From fashion to foot race- A not so glamorous account of my race across Iceland

I often think about what a peculiar and contrasting life I live.  I joke about having multiple personalities, which really isn’t much of a joke.  The truth is that I am blessed to have so many interests, hobbies, and passions that keep me invigorated both mentally and physically.  

On August 28th of this year, I embarked on my most extreme adventure to date.  The event: Fire and Ice, a six day 250km footrace across Iceland.  The race is a staged multi day event where you are responsible for carrying anything that you need for the entire 6 days on your back.  My previous experience with staged racing was last year at a fabulous event called Transrockies.  TRR takes place in Colorado and is essentially summer camp for runners.  We were so incredibly well taken care of that I never wanted to return home and cook for myself again!  I loved my experience at TRR but I was ready to up the ante and the challenge of the self supported Fire & Ice race looked like just the right amount of crazy.  I was also fortunate enough to have the inside scoop from the 2016 winner, a crazy dude who also happens to be my coach, Charles Miron.  Charles shared every single tidbit of his experience with me and provided invaluable information on exactly how to prepare for this race.

The prep - 

The work for Fire & Ice essentially started in November of 2016 when I entered that 16 digit credit card number and pressed submit… I’d be lying if I said this hasn’t consumed the majority of my thoughts and energy since that fateful day.  Months and months of research, organization, planning, testing, and revising were necessary for the logistical side alone, never mind the physical and mental training.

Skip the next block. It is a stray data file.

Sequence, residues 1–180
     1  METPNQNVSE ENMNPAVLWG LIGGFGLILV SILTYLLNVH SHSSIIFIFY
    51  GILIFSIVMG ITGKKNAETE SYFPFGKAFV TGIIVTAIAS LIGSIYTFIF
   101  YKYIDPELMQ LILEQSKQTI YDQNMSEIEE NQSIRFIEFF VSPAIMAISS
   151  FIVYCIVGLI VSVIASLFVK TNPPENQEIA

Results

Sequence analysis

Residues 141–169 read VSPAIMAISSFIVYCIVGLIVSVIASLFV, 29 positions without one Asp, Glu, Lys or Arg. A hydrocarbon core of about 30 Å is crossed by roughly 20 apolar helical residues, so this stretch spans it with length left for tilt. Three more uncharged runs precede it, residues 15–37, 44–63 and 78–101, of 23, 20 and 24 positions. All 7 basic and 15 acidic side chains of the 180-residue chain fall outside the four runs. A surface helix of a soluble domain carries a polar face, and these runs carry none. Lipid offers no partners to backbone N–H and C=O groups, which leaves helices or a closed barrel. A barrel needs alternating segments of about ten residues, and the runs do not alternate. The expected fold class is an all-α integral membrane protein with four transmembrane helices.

My living room floor slowly disappeared  as I gradually began to collect and purchase gear.  Some of my major purchases included my PHD ultra down jacket and custom sleeping bag.  Honestly people, these products rock! My bag and jacket were incredibly light and packable and kept me toasty warm when the temps dropped below zero.  If you are looking to invest in a wicked down jacket, I would seriously check out PHD Designs.  I also tested numerous different trail shoes, packs, clothing and liquid fuelling before making my final decisions.  As far as food went, well dehydrated meals suck just as much as you think they will.  By day 4 of the race my system was severely disputing their entry, lessons learned on that front!  Another major challenge was the act of physically packing.  Like how does a girl who owns half a dozen leather jackets survive wearing the same outfit for a week???  My 33L pack filled up quickly, every single item was endlessly debated and provided a specific purpose. 

*Above: Fellow Solo Sport Systems athlete and Fire & Ice suffer buddy Greg Soltys

Charles had given me several different training blocks of work throwing in all the stops. From speed hill work early in the winter, to painfully painful slow recovery runs, to tempos, to ginormous solo runs in the mountains featuring plenty of vert and mind numbing road.  There were many points in my training where I suffered from self doubt, yet Charles encouraged me to have trust in the process.  Turns out the guy knows what he’s talking about!  In addition to his running program of 6 days a week, I was lifting 2 days, doing yoga as often as possible, and riding my 2 horses 4-5 days/week. All I can say is thank you to family, friends, and incredible employees for everyone’s sacrifice.  Without their knowledge, they all signed up for this race with me and had to help fill in all of the blanks of my personal and work life.  Not to mention putting up with a cranky, constantly hungry and sore, complaining runhole.  They were kind enough to take this journey with me and offered me endless support and encouragement along the way.